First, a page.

The Sugar King of Havana: The Rise and Fall of Julio Lobo, Cuba's Last Tycoon

Overview

Fifty years after the Cuban revolution, the legendary wealth of the sugar magnate Julio Lobo remains emblematic of a certain way of life that came to an abrupt end when Fidel Castro marched into Havana. Known in his day as the King of Sugar, Lobo was for decades the most powerful force in the world sugar market, controlling vast swaths of the island's sugar interests. Born in 1898, the year of Cuba's independence, Lobo's extraordinary life mirrors, in almost lurid technicolor, ...
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The Sugar King of Havana: The Rise and Fall of Julio Lobo, Cuba's Last Tycoon

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Overview

Fifty years after the Cuban revolution, the legendary wealth of the sugar magnate Julio Lobo remains emblematic of a certain way of life that came to an abrupt end when Fidel Castro marched into Havana. Known in his day as the King of Sugar, Lobo was for decades the most powerful force in the world sugar market, controlling vast swaths of the island's sugar interests. Born in 1898, the year of Cuba's independence, Lobo's extraordinary life mirrors, in almost lurid technicolor, the many rises and final fall of the troubled Cuban republic.

The details of Lobo's life are fit for Hollywood. He twice cornered the international sugar market and had the largest collection of Napoleonica outside of France, including the emperor's back teeth and death mask. He once faced a firing squad only to be pardoned at the last moment, and he later survived a gangland shooting. He courted movie stars from Bette Davis to Joan Fontaine and filled the swimming pool at his sprawling estate with perfume when Esther Williams came to visit.

As Rathbone observes, such are the legends of which revolutions are made and later justified. But Lobo was also a progressive and a philanthropist, and his genius was so widely acknowledged that Che Guevara personally offered him the position of minister of sugar in the Communist regime. When Lobo declined—knowing that their worldviews could never be compatible—his properties were nationalized, most of his fortune vanished overnight, and he left the island, never to return to his beloved Cuba.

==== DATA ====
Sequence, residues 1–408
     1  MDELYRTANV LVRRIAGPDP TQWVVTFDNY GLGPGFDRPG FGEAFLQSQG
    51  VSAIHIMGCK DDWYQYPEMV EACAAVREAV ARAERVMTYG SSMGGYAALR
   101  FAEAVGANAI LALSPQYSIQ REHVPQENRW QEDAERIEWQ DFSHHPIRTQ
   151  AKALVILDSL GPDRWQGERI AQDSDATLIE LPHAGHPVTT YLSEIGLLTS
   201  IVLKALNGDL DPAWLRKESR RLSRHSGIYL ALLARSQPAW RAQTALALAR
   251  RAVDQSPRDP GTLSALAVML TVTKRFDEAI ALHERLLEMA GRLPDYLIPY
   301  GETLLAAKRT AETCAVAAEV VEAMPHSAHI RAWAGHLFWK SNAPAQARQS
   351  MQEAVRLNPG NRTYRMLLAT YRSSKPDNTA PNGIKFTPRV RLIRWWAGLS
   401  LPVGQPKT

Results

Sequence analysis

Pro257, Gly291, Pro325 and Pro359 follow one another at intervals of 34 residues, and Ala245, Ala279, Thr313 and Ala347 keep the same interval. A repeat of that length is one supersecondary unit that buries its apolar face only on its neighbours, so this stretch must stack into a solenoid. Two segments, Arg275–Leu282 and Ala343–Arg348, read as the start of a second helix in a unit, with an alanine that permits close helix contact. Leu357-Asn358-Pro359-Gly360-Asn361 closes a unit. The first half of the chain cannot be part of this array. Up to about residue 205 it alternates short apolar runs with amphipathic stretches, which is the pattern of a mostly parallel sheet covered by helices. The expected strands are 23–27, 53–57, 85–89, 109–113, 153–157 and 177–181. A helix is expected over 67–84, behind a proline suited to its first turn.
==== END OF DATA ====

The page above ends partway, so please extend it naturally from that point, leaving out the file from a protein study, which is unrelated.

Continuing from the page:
Financial Times journalist John Paul Rathbone has been fascinated by this intoxicating, whirligig, and contradictory prerevolutionary period his entire life. His mother was also a member of Havana's storied haute bourgeoisie and a friend of Lobo's daughters. Woven into Lobo's tale is her family's experience of republic, revolution, and exile, as well as the author's own struggle to come to grips with Cuba's—and his family's—turbulent history.

Prodigiously researched and imaginatively written, The Sugar King of Havana is a captivating portrait of the glittering end of an era, but also of a more hopeful Cuban past, one that might even provide a window into the island's future.

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Editorial Reviews

Michiko Kakutani
Although Mr. Rathbone…occasionally romanticizes Lobo and his world, he gives us a richly detailed portrait of this complicated, conflicted man while deftly weaving a thumbnail history of modern Cuba into Lobo's story. He leaves the reader with a palpable sense of the glittering and increasingly violent world that this "new sugar magus" and his family inhabited, and conveys both the profound emotional dislocations of exile and the dangers and persistence of nostalgia.